Do you have a dog that thinks he needs to tell you every time someone passes by your house?
A certain amount of barking is normal for dogs. But if his barking is making you want to bark back or tear your hair out, you have a problem. Barking at people approaching or passing by your house is commonly referred to as “watchdog barking.” Your dog is trying to alert you that there is an intruder nearby as well as scare that person away. Most of us are happy to be alerted but when Rufus keeps barking after the “intruder” is gone or barks at every person who is taking a walk on your busy street, it becomes excessive.
To begin to decrease the barking, you’ll need to take a 2-part approach:
- Management – set up the environment so your dog can’t practice the incorrect behavior
- Training – teach the behavior you want your dog to do instead
Management – Set your Dog up for Success
Remember that dogs get really good at what they practice, whether we like their behavior or not. Therefore, prevent your dog from barking at passersby out the window by not allowing access to the windows facing the street unless you are in the room and are doing the training exercises. You can do this by simply closing the curtains/blinds, blocking his access to the window, or preventing him from going into those rooms for now. Use baby gates to prevent access to those rooms or only allow your dog in other areas of the house where he does not see or hear people and dogs passing by.
Some dogs will still bark if they hear people outside near your home even if they can’t see them. In that case, turn on a radio, TV or white noise maker like a fan to block out those sounds.
Training – Teach the Behavior You Want
When you are home, you can work on training the behaviors you prefer. There are several options, depending on what your goal is and how much effort you’re willing to put into the training. Extinguishing the barking completely is not a goal you’ll likely attain. Dogs have an innate need to warn the family of a threat and to attempt to make that threat go away. However, you can reduce the intensity and length of their warning to something you can more easily tolerate.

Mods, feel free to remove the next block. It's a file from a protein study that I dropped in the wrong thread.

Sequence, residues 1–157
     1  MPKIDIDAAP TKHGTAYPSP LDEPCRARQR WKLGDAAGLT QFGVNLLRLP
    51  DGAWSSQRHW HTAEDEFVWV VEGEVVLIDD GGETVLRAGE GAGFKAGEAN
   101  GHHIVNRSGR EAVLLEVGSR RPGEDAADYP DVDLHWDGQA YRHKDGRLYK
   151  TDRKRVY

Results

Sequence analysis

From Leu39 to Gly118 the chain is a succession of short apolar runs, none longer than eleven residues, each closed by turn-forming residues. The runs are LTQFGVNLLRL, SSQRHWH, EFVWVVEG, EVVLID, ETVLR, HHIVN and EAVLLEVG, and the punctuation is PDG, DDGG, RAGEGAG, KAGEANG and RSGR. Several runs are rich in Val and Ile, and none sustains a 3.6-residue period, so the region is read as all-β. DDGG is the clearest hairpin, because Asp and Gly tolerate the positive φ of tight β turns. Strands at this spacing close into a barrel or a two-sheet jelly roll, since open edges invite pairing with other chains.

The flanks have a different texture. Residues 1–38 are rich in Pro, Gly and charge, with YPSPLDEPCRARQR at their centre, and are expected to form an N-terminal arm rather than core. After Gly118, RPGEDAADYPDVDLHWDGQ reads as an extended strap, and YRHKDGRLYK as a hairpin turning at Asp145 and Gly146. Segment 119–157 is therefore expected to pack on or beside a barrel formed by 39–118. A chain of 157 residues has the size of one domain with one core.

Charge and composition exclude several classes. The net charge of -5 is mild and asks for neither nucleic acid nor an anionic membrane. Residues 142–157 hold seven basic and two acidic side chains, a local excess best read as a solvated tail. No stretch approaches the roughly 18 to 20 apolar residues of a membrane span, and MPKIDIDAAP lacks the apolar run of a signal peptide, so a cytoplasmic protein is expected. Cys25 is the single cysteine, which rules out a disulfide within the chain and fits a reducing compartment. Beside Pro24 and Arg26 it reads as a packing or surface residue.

First, decide on how many warning barks are ok — 3-4 should suffice. Have some really good treats ready for your training session (choose something better than everyday treats such as chicken, cheese, hot dogs, peanut butter, etc.). Take your dog into the room where he tends to bark at people out the window. As soon as he has barked the allotted 3-4 times at the passerby, say “thank you!” show a treat and wait for 3-5 seconds of quiet. Then give him the treat for being quiet. Saying “thank you” is a great way of telling your dog you appreciate his warning and will also help you to keep your cool (it’s hard to say “thank you” in an angry tone!). It will also become a predictor of a yummy reward.
When you give the treat to your dog, try to give it to him in the middle of the room away from the window. That way, you’re also encouraging him to leave his post and come to you which is more rewarding.
Some dogs are very smart and catch on to this pattern very quickly. Some are too smart and learn the pattern — bark, bark, bark then go to you for a treat — even if there’s nothing to bark at! If that’s the case, try to mix things up a bit to break the pattern: wait for a longer period of quiet before giving the treat or ask for any behavior the dog knows (sit, down, watch, touch, etc.) before giving the treat.
If you have multiple dogs in your home, you’ll need to practice this with each one separately. The dogs tend to feed off of each other’s arousal so make sure they are each doing well with the training individually before working on the training with them together.
While this may take some time to accomplish, especially if your dog is a dedicated watchdog barker, with consistency and daily training, you should begin to have a quieter household and fewer headaches.